Willard Van Orman Quine (June 25, 1908 â€“ December 25, 2000) (known to intimates as “Van”) was an American philosopher and logician in the analytic tradition. From 1930 until his death 70 years later, Quine was continuously affiliated with Harvard University in one way or another, first as a student, then as a professor of philosophy and a teacher of mathematics, and finally as a professor emeritus who published or revised several books in retirement. He filled the Edgar Pierce Chair of Philosophy at Harvard, 1956â€“78. A recent poll conducted among philosophers named Quine as one of the five most important philosophers of the past two centuries.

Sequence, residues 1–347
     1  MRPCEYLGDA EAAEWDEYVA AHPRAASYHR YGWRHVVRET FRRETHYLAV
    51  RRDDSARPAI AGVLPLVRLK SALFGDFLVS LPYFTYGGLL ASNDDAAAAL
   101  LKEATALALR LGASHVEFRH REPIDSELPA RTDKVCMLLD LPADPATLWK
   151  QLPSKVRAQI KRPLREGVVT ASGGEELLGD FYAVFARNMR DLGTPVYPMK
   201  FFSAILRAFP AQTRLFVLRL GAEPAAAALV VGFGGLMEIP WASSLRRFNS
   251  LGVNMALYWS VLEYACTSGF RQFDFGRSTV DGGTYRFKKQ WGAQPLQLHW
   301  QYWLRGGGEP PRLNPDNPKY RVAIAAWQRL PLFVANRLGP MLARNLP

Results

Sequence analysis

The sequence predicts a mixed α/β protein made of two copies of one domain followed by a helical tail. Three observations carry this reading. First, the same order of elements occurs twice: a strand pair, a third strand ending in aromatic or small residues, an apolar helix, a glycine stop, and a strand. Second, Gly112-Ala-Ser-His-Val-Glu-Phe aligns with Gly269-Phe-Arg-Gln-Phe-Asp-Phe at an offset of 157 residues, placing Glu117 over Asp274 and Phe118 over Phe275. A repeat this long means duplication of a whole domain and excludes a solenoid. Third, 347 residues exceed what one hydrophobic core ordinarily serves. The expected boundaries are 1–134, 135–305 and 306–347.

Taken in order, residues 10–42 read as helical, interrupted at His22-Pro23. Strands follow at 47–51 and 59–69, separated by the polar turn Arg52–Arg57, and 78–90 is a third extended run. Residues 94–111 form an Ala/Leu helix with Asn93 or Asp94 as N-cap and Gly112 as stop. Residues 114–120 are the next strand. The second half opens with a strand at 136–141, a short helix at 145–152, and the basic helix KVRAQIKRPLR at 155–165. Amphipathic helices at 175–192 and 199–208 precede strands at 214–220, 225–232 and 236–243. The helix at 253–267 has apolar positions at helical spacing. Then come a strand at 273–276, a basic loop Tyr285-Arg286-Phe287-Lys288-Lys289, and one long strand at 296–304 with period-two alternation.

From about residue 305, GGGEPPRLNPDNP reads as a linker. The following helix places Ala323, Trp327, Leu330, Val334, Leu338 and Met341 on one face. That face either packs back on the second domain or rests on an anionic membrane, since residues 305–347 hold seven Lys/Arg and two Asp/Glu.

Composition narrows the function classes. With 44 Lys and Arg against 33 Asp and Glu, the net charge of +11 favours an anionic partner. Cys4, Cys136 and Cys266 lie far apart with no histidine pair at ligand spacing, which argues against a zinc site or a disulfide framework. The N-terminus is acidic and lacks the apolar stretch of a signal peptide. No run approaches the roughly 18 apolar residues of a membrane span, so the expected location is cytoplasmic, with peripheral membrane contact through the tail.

Quine’s paper Two Dogmas of Empiricism, published in 1951, is one of the most celebrated papers of twentieth century philosophy in the analytic tradition. According to Harvard professor of philosophy Peter Godfrey-Smith, this “paper [is] sometimes regarded as the most important in all of twentieth-century philosophy”. The paper is an attack on two central parts of the logical positivists’ philosophy. One is the distinction between analytic truths and synthetic truths, explained by Quine as truths grounded only in meanings and independent of facts, and truths grounded in facts. The other is reductionism, the theory that each meaningful statement gets its meaning from some logical construction of terms that refers exclusively to immediate experience.
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